-Greg

 

 

8th Month Report on Virachey Camera-Trapping Project

Save Virachey National Park l

Our trusted group of Virachey National Park (VNP) rangers recently returned from a Habitat ID-sponsored camera-trap check, and the results are exciting. We were very much looking forward to seeing what kind of wildlife movements occurred during the rainy season, which was especially wet this year. In fact, the rangers attempted to check the cameras in late July but had to turn back due to high, fast-moving rivers. However, they were able to to reach all of the cameras in early October.

A sun bear looks at the camera while scratching its back on a tree.

A sun bear looks at the camera while scratching its back.

Our cameras turned up: a pack of endangered dholes (on three separate cameras), clouded leopards on 3 different cameras, leopard cat, sun bear, large Indian civet, common palm civet, mouse deer, red muntjac, pig-tailed macaques, stump-tailed macaques (this was a very interesting find, which we got on two different cameras, because while villagers have stated they live on the park they had yet to be confirmed by NGOs), gaur (including a photo of a mother and golden calf), Sambar deer, serow, hog badger, Malayan porcupine, wild pig, monitor lizard, owl (species still not known), red jungle fowl, Siamese fireback, lesser adjutant, black bird, and a small mammal we have not yet been able to identify.

An adult gaur and its calf in a remote section of VNP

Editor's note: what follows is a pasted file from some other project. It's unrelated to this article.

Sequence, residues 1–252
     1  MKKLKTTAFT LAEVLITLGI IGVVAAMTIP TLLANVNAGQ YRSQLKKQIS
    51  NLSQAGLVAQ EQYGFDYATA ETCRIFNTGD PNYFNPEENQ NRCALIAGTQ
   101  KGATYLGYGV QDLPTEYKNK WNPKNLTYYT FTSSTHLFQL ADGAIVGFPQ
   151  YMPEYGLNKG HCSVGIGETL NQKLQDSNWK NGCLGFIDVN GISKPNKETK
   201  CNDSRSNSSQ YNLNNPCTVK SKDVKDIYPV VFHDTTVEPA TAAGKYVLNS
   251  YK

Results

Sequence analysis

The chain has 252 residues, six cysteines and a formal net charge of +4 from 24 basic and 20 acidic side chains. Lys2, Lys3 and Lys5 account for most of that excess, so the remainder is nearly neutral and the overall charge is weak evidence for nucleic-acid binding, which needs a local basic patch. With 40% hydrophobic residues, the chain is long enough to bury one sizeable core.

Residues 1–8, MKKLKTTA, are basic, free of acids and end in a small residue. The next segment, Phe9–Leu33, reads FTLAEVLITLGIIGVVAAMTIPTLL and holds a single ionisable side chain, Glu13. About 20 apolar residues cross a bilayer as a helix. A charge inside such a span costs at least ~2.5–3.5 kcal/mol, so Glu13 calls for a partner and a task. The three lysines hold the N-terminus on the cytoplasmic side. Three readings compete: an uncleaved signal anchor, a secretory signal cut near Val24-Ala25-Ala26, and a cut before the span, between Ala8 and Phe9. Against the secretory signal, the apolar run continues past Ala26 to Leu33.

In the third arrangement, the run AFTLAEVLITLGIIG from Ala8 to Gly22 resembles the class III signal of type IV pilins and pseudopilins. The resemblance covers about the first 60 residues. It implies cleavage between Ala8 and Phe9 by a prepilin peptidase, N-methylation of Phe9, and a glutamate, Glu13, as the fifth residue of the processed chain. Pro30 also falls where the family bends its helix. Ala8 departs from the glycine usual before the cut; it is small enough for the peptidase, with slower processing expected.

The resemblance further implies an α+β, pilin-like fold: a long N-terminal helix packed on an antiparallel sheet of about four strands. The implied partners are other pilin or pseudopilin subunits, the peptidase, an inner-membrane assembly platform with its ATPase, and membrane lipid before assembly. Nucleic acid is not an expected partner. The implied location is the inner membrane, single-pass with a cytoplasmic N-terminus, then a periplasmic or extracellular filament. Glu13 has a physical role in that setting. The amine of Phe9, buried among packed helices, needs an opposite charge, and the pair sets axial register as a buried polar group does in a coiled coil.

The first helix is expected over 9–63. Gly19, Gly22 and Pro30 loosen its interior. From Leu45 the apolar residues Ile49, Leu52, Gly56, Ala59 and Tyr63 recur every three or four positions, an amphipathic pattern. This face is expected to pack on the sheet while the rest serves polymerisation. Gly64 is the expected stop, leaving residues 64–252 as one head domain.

An adult gaur and its calf in a remote section of VNP

Altogether our cameras recorded 17 species of mammal, four birds, and one reptile. We will also be launching two expeditions in January 2015 to install cameras in two highly remote locations inside VNP. In the meantime, have a look at more photos below:

A clouded leopard patrols a forested area near an upland savanna inside VNP

A clouded leopard patrols a forested area near an upland savanna inside VNP

The elusive stump-tailed macaque is now, thanks to our cams, confirmed in VNP

The elusive stump-tailed macaque is now, thanks to our cams, confirmed in VNP

A pack of dholes (Asiatic wild dogs) takes a rest

A pack of dholes (Asiatic wild dogs) takes a rest

Large Indian civet

Large Indian civet

Pig-tailed macaques frolic in the forest

Pig-tailed macaques frolic in the forest

A clouded leopard in another area of VNP

A clouded leopard in another area of VNP

Leopard cat

Leopard cat

A large wild pig cools off in a puddle

A large wild pig cools off in a puddle

Serow

Serow

Mouse deer, also known as the Chevrotain

Mouse deer, also known as the Chevrotain

A dhole in the Veal Thom Grasslands

A dhole in the Veal Thom Grasslands

In addition to our Virachey project, we also have a project going with L. Bruce Kekule down in southern Thailand. You can have a look at the first camera trap image we got back of a gorgeous clouded leopard here. Habitat ID field officer Greg McCann wrote a commentary for Mongabay.com about the Thailand project back in August, and you can find that article here.

Finally, we have an Indiegogo campaign going called Boats4Virachey in which we are trying to help the VNP staff acquire four boats with which they can patrol the Sesan River for illegal loggers and poachers transporting their good on the river. VNP currently has no boats for river patrols, and the Sesan snakes its way for nearly 100 kilometers through and around the perimeter of VNP. Your help is greatly appreciated!